In light of Dr. Abowd’s conclusions that producing the data DOJ requested using administrative records “would most likely have both more accurate citizen status and fewer missing individuals than would be the case for any survey-based collection method” and was the “best option for block-level citizenship data, quality much improved [compared to the options of not producing the data or of collecting the data through a new question on the 2020 Census form],” there is no acceptable rationale for potentially increasing the cost of the 2020 Census by tens of millions of dollars by including the proposed citizenship question on the 2020 Census form.
- How can the Census Bureau enhance the quality, utility, and clarity of information on citizenship, and minimize the burden of data collection on respondents?
The Notice poses two questions that, we believe, can be answered together based on research and analysis the Census Bureau’s own staff has conducted.
First, as discussed previously, and accepting only for argument’s sake the Justice Department’s assertion that it requires block level data on citizenship data to enforce section 2 of the VRA, Dr. Abowd’s memoranda clearly suggest that the Census Bureau can minimize the burden on respondents of collecting the desired information by using administrative records and statistical modeling techniques to produce estimates at the block level. These methods, Dr. Abowd concluded, would produce more accurate data than collecting citizenship data through a question on the 2020 Census form without increasing costs significantly.
Second, the Secretary’s decision memo directing the addition of a citizenship question does not acknowledge urgent concerns from the Census Bureau’s Center for Survey Measurement, describing an “unprecedented” level of “deliberate falsification of the household roster and spontaneous mention of concerns regarding negative attitudes toward immigrants” in 2020 Census pretesting. Because respondents in the pretesting surveys had participated in other bureau surveys and were being paid to participate in the pretests, research staff warned that people asked to participate in the actual census (the “production survey”) might have an even greater level of fear and reluctance to respond. The staff recommended scientifically robust research on the significant fears about confidentiality of census responses — driven by respondents’ perception of anti-immigrant policies — that field employees documented in pretesting.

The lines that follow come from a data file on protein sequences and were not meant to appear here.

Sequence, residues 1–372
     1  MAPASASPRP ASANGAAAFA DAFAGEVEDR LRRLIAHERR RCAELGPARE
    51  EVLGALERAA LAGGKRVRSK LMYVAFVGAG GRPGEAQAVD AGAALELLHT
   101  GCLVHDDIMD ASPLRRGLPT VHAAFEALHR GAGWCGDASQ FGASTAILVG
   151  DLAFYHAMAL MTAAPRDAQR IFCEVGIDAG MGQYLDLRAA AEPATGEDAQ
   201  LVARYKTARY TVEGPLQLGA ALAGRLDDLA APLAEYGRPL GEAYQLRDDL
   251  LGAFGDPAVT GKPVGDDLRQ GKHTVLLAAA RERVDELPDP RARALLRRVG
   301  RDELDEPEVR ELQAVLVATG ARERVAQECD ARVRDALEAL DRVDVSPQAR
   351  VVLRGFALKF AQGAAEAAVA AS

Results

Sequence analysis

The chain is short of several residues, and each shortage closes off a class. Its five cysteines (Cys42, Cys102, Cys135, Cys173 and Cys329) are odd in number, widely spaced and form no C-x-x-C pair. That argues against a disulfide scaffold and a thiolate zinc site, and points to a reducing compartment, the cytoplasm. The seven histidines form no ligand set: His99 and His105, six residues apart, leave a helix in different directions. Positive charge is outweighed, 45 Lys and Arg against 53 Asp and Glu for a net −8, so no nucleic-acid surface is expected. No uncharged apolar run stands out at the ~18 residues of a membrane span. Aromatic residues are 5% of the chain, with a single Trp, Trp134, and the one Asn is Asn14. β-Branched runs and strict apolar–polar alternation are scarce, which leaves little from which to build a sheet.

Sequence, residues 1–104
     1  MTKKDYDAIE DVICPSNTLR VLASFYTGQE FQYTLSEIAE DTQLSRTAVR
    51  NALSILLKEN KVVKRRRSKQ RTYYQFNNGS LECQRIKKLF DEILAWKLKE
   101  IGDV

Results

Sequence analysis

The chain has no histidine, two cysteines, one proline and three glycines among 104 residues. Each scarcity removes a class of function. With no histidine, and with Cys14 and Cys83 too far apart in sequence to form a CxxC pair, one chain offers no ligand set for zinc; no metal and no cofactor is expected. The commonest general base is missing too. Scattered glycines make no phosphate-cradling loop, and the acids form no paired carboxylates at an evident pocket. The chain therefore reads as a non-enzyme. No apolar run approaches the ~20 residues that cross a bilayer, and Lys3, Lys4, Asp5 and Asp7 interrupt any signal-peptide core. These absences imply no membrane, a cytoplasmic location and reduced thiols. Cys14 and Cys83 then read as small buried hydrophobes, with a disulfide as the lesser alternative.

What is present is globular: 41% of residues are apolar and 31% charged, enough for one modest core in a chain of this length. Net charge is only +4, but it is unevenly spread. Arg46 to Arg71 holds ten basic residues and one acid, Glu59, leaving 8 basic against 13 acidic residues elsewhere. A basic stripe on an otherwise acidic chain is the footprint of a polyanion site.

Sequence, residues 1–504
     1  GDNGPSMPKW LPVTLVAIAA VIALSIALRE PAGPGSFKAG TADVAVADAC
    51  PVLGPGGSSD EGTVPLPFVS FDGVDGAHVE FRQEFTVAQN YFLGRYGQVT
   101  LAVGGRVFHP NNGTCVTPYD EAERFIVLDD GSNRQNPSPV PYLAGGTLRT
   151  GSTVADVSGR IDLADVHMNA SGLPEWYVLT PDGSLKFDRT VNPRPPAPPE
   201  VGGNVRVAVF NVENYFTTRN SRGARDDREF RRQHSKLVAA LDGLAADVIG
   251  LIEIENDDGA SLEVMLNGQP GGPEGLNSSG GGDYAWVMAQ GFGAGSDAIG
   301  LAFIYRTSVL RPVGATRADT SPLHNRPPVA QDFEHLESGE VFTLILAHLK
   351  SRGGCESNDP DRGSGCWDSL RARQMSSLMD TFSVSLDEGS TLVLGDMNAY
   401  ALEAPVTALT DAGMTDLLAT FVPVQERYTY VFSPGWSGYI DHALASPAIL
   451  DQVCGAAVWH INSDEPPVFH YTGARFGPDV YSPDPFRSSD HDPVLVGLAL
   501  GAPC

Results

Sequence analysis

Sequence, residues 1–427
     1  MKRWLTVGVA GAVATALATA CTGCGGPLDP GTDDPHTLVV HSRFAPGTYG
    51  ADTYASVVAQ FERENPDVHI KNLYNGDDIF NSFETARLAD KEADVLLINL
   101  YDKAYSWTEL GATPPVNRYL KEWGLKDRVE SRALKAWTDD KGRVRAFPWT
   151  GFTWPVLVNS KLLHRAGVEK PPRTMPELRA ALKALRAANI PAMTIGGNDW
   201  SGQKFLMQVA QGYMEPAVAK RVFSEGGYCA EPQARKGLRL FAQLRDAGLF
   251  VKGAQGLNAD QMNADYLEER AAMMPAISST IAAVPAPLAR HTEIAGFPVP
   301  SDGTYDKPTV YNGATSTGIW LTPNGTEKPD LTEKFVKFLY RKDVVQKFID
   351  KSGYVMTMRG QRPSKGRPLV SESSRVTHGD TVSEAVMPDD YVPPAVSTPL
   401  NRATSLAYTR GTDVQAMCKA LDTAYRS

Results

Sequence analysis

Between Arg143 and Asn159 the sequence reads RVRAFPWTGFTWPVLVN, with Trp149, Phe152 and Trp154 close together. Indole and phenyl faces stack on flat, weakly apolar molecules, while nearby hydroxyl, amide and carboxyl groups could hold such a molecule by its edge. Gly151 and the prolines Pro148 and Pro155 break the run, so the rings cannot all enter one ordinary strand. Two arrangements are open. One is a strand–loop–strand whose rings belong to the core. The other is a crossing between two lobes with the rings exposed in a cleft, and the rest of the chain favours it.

Census Bureau research staff conducted subsequent qualitative evaluations of the 2017 multilingual pretesting studies and additional studies done in 2018 (including in-language focus groups). Notably, the phenomenon of fear census employees encountered occurred before public discussion of adding a citizenship question to the census form. Preliminary message testing found that many Spanish speakers appeared to be reassured that the 2020 Census would not ask questions related to immigration status, a finding that now must be considered unreliable. Furthermore, other Spanish speaking respondents were not swayed by statements that, by law, the Census Bureau could not share their answers with immigration enforcement agencies. And researchers noted that confidentiality concerns “may have a disproportionate impact on an already ‘hard to count’ population: immigrants.”
While the research cited above was limited, it highlighted the likelihood that fears about how census participation could be used to harm immigrants and their families could adversely affect response rates and data quality — concerns that service providers and advocates who work closely with immigrant populations have raised since the possibility of adding a citizenship question to the census surfaced in December 2017. Incorrect or incomplete household rosters, in particular, are likely to reduce data quality, at best, and increase omissions and, therefore, the undercount, at worst. Research staff noted these possible implications and recommended systematic, quantitative, and more current analysis of the reactions they had already documented.